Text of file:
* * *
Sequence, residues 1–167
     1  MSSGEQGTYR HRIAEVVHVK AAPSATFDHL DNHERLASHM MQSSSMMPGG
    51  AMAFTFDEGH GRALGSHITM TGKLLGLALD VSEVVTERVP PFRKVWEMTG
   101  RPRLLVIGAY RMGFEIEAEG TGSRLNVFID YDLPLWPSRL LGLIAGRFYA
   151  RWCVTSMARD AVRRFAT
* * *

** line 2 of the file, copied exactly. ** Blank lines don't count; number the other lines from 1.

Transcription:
     1  MSSGEQGTYR HRIAEVVHVK AAPSATFDHL DNHERLASHM MQSSSMMPGG